If evolution works to evolve life to fit the existing environments, why has it not equally conquered all of the environments here and elsewhere? Earth is far better suited for life than any other planet, yet most of the environments even here, are either too hot or too cold, too far underground or too far above ground to support much life. In the several thousands of miles of changing environments from the center of the Earth to the edge of its atmosphere, there are only a few feet of habitable environment, and therefore almost all creatures are forced to live there. Although only the Earth is inhabited in our solar system, even on the Earth only a thin slice is ideally suited for life.
This thin section, though, is teeming with life. It is estimated that an acre of typical farm soil, six inches deep, has several tons of living bacteria, almost a ton of fungi, two hundred pounds of one-cell protozoan animals, about one hundred pounds of yeast and the same amount of algae.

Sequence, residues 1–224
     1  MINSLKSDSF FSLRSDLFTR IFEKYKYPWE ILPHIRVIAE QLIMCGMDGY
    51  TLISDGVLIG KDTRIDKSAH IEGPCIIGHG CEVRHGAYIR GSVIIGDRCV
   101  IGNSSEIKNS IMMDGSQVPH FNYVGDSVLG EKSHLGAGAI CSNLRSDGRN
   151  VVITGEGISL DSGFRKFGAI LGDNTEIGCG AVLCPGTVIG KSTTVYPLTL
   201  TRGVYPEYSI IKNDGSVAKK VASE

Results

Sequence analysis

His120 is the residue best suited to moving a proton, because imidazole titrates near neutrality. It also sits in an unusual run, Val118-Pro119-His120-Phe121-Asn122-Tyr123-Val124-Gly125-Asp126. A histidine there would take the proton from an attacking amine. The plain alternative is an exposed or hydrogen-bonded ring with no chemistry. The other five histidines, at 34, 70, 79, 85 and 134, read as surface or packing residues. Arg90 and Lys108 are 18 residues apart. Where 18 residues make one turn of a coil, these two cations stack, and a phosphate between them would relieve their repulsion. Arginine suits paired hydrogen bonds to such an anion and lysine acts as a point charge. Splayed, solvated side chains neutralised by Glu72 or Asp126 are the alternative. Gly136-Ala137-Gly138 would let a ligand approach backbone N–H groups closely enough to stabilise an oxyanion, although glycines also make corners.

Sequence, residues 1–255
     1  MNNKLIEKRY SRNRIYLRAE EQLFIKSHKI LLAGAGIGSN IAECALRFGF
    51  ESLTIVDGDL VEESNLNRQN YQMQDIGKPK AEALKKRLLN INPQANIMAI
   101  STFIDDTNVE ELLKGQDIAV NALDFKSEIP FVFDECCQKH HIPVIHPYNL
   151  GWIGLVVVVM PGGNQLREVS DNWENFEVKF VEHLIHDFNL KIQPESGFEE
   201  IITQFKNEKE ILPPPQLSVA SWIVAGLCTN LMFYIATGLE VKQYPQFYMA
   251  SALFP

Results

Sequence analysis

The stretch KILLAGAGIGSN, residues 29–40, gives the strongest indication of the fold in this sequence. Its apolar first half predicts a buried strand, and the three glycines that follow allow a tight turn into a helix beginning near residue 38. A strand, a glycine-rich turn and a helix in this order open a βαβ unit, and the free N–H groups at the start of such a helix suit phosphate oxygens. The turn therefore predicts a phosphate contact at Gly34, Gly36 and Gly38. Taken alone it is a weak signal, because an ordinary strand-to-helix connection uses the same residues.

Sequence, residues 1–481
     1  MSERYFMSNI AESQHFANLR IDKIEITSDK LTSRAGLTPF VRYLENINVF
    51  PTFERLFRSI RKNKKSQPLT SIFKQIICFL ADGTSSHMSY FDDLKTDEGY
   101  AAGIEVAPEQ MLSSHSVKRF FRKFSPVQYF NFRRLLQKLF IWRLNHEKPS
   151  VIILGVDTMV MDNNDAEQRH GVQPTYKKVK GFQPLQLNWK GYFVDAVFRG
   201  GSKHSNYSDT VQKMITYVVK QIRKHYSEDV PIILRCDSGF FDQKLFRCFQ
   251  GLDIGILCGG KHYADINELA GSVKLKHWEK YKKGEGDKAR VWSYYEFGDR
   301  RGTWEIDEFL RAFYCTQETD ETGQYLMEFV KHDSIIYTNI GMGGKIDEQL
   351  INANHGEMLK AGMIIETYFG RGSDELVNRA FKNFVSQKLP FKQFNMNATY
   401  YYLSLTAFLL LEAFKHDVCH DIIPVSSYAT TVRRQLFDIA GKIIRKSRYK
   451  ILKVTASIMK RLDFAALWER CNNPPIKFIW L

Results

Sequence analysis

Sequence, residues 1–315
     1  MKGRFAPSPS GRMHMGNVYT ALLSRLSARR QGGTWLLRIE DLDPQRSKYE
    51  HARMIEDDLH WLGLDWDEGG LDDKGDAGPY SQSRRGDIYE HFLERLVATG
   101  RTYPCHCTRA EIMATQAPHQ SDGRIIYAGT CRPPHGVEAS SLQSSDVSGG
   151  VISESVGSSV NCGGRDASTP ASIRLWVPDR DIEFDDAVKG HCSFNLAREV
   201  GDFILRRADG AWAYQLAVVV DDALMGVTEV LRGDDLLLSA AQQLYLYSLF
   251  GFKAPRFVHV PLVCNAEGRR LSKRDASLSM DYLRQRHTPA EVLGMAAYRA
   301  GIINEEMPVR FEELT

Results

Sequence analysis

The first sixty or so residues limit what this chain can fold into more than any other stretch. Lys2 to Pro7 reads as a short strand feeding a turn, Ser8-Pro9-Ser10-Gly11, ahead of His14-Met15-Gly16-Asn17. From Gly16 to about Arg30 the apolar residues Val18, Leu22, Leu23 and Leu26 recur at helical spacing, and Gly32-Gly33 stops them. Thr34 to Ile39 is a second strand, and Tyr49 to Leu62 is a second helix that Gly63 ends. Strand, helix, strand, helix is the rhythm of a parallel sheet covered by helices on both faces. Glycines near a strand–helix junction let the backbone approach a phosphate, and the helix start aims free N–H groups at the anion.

Some type of life is found in every niche on the Earth. From the top of the atmosphere to the bottom of the oceans, from the coldest part of the poles to the warmest part of the equator, life persists here.
If the Earth traveled much faster in its 292-million-mile-long orbit around the sun, centrifugal force would pull it away from the sun, and if too far, all life would cease to exist. If it traveled slightly slower, the Earth would move closer to the sun, and if it moved too close, all life would likewise perish. The Earth’s 365 day, 5-hour, 48-minute and 45.51-second-round-trip is accurate to a thousandth of a second! If the yearly average temperature on Earth rose or fell only a few degrees, most life on it would soon roast or freeze. This change would upset the water-ice and other balances, with disastrous results. If it rotated on its axis slower, all life would die in time, either by freezing at night because of lack of heat from the sun, or by burning during the day from too much sun.
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3. Atmosphere – the miracle of air
Earth has a breathable atmosphere that contains the right amount of oxygen and carbon dioxide. Carbon dioxide makes up most of the atmosphere of Venus and Mars making them unable to support life. As the atmosphere is kept on the planet by gravity, Mars and Venus are too small to keep atmosphere – Venus has no atmosphere and Mars’ is very thin.
The atmosphere Is thick enough, and with the help of ozone, to prevent ionizing radiation from penetrating.